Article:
Nesting Variables

To save on typing, you can reuse variables that you’ve already specified in the file by wrapping the variable name within ${...}:


Namespaced Variables

There will be times when you will have several variables with the same name. When this happens, the system has no way of knowing what the correct value should be. You can protect against this by “namespacing” the variables.

Namespaced variables use a dot notation to qualify variable names when those variables get incorporated into configuration files. This is done by including a distinguishing prefix, followed by a dot (.), and then the variable name itself:

// not namespaced variables
name = "George"

// namespaced variables = "Berlin" = "Germany"
frontend.db = sales
backend.db = admin
BackEnd.db = admin

Incorporating Environment Variables Into a Configuration

When you instantiate a configuration file, any namespaced environment variables are considered for merging into the configuration objects’ properties.

If the prefix of a namespaced variable matches the configuration class name exactly, case-sensitive, then the trailing part of the variable name (after the dot) is treated as a configuration property name. If it matches an existing configuration property, the environment variable’s value will override the corresponding one in the configuration file. If there is no match, the configuration properties are left unchanged.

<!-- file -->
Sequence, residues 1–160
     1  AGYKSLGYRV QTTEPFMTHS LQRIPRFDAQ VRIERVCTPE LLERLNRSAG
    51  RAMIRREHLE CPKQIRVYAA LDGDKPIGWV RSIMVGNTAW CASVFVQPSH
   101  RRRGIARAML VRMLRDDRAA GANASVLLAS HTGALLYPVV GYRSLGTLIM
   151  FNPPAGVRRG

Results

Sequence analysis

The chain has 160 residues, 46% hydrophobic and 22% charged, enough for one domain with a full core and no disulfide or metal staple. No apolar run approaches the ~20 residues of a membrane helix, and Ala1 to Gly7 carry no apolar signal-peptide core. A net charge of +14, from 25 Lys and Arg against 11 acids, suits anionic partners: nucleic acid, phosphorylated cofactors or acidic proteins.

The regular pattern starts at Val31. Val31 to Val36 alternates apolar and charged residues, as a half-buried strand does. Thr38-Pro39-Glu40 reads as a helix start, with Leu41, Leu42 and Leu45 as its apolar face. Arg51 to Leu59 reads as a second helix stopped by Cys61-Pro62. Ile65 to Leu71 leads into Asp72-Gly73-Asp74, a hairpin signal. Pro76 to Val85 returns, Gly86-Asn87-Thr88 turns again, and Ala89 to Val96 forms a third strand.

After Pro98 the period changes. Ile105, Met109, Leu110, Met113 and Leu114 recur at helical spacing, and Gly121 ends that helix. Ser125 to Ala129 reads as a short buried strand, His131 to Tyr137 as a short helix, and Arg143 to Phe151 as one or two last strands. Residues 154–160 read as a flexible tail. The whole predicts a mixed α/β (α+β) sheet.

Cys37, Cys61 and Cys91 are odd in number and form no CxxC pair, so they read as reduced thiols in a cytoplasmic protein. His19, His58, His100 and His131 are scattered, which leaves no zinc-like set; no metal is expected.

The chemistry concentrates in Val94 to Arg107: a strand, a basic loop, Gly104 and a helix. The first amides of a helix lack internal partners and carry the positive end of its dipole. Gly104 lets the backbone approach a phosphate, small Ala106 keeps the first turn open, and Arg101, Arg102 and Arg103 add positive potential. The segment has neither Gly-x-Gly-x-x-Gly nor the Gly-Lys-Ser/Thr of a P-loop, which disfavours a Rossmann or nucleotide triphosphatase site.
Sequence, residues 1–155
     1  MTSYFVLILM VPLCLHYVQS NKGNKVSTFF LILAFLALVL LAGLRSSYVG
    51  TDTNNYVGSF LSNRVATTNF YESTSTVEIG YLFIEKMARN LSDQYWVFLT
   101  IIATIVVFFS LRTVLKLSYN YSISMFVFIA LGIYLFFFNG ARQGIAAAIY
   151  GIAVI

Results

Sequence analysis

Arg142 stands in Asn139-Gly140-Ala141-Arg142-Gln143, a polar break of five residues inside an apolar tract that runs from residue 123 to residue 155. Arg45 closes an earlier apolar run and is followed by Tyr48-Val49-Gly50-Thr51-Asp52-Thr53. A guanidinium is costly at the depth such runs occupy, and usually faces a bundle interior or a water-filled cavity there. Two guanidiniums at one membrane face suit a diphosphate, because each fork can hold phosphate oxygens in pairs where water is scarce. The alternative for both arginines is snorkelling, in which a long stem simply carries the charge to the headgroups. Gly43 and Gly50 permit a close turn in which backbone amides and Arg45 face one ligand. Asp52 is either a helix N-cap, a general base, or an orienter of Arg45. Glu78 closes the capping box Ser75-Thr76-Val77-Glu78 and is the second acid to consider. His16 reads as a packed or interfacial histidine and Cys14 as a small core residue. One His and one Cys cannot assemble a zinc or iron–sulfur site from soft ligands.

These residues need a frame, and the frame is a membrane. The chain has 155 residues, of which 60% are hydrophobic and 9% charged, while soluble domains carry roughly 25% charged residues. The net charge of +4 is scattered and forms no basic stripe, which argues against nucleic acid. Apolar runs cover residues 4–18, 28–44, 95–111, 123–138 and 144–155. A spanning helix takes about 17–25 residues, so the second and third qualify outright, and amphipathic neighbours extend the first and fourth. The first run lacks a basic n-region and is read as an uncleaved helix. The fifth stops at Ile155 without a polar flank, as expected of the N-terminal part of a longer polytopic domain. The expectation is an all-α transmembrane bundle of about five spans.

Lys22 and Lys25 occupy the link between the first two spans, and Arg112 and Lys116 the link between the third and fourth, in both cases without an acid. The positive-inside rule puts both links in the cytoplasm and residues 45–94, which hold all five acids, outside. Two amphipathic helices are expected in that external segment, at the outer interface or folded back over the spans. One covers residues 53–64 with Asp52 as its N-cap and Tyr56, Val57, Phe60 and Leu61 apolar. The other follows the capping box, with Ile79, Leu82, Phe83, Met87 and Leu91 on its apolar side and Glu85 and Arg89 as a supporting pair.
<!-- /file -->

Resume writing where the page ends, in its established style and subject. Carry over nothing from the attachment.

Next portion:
The same holds for a “short prefix”, which is the name given to the case when the environment variable prefix matches the configuration class name converted to lower case.

Treating Environment Variables as Arrays

A namespaced environment variable can be further treated as an array. If the prefix matches the configuration class, then the remainder of the environment variable name is treated as an array reference if it also contains a dot:

// regular namespaced variable = George

// array namespaced variables = "Berlin" = "Germany"

If this was referring to a SimpleConfig configuration object, the above example would be treated as: